17.   Burke JF, Quinby WC, Bondoc CC et al.: The Contribution of a Bacterially Isolated Environment to

the Prevention of Infection in Seriously Burned Patients. Ann Surg 1977, 186:377-387.

18.   McManus AT, McManus WF, Mason AD Jr et al.: Microbial Colonization in a New Intensive Care

Burn Unit. Arch Surg 1985, 120:217-223.

19.   Weber JM, Sheridan RL, Schulz, JT, Tompkins RG, Ryan CM: Effectiveness of Bacteria-Controlled

Nursing Units in Preventing Cross Colonization with Resistant Bacteria in Severely Burned Children.

Infect Control Hosp Epidemiol 2002, 23:549-551.

20.   Rutala WA: Disinfection and Sterilization of Patient Care Items. Infect Control Hosp Epidemiol

1996, 17:377-384.

21.   Kates SG, McGinley KJ, Larson EL et al.: Indigenous Multiresistant Bacteria from Flowers in

Hospital and Nonhospital Environments. Am J Infect Control 1991, 19:156-161.

22.   Rieg LS: Metabolic Alterations and Nutritional Management. AACN Clinical Issues in Crit Care

Nurs 1993, 4:388-398.




                                                                                                         9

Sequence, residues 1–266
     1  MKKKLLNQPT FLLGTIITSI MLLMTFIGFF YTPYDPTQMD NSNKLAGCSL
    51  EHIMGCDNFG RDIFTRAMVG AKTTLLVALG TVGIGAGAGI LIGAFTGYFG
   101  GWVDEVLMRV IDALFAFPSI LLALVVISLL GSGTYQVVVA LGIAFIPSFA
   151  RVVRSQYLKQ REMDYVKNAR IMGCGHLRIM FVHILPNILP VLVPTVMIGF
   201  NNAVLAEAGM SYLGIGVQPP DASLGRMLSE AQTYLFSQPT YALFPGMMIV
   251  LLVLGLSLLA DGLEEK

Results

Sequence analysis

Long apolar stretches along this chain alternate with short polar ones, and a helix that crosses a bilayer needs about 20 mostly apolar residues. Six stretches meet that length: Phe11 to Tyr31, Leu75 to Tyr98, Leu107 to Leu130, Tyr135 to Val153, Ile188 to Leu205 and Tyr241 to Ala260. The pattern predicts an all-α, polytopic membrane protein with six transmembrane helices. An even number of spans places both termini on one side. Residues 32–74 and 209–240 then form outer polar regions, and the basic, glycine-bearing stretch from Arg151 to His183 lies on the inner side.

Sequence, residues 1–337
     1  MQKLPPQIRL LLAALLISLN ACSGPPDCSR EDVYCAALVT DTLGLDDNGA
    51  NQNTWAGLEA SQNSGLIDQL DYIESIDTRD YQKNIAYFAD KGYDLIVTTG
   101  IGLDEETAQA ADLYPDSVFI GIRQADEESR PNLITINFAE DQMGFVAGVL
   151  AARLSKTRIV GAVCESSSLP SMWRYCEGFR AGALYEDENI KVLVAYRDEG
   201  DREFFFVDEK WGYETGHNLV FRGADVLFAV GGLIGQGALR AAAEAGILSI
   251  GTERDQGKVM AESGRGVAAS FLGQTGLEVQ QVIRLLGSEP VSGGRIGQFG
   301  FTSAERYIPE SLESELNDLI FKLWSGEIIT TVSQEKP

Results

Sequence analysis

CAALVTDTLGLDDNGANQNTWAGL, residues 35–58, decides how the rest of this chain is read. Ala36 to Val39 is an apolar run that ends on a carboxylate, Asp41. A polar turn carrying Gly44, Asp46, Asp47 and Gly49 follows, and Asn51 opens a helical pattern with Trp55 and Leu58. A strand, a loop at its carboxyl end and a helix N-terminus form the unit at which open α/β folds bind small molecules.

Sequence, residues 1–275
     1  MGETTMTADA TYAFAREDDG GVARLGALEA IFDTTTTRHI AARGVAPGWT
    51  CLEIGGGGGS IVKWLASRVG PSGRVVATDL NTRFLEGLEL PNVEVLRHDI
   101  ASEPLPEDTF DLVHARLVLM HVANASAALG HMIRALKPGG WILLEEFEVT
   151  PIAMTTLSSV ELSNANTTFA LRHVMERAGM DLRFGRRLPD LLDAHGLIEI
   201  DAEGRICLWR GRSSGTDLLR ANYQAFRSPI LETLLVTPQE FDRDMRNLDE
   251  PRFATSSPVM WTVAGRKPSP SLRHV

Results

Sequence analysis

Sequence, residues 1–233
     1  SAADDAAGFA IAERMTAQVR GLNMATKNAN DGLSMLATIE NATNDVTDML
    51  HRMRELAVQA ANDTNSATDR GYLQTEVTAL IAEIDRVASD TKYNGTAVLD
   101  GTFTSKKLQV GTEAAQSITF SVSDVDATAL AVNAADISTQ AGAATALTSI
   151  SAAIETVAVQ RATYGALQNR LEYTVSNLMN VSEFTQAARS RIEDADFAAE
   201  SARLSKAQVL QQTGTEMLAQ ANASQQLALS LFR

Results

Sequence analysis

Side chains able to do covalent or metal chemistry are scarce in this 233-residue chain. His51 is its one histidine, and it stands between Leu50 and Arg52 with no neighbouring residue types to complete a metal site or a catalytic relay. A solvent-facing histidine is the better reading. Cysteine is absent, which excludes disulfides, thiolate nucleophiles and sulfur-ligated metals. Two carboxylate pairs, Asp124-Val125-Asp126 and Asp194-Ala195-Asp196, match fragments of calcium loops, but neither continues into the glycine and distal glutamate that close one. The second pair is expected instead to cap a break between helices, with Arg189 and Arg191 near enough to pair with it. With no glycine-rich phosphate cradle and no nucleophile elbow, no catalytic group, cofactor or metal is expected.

23.    Weber JM, Sheridan RL, Pasternack MS, Tompkins RG: Nosocomial Infection in Pediatric Patients

with Burns: Proposed Definitions and Benchmark Rates. Am J Infect Control 1997, 25:195-201.

24.    Sheridan RL, Weber JM, Peterson HF et al.: Central Venous Catheter Sepsis with Weekly Catheter

Change in Pediatric Burn Patients: An Analysis of 221 Catheters. Burns 1995, 21:127-129.

25.    Goldstein AM, Weber JM, Sheridan RL: Femoral Venous Catheterization is Safe in Burned

Children: An Analysis of 224 Catheters. J Pediatrics 1997, 3:442-446.

26.    Sheridan RL, Weber JM, Tompkins RG: Femoral Arterial Catheterization in Pediatric Burn Patients.

Burns 1994, 20:451-452.

27.    Weber JM and Tompkins DD: Improving Survival: Infection Control and Burns. AACN Clinical

Issues in Crit Care Nurs 1993, 4:414-423.

28.    Sheridan RL, Kacmarek, RM, McEttrick MM et al.: Permissive Hypercapnia as a Ventilatory

Strategy in Burned Children: Effect on Barotrauma, Pneumonia and Mortality. J Trauma 1995, 39:854-

859.




                                                                                                     10
Figure 1. Incidence of infection by site at Shriners Hospitals for Children, Boston from January, 1996 to

December, 2000. Rates are infections per 1000 patient days. BSI = Bloodstream infection, UTI = Urinary

tract infection, TBSA = total body surface area burn.




                                16

                                             14.4
                                                                                   <30% TBSA           >/=30% TBSA
                                14



                                12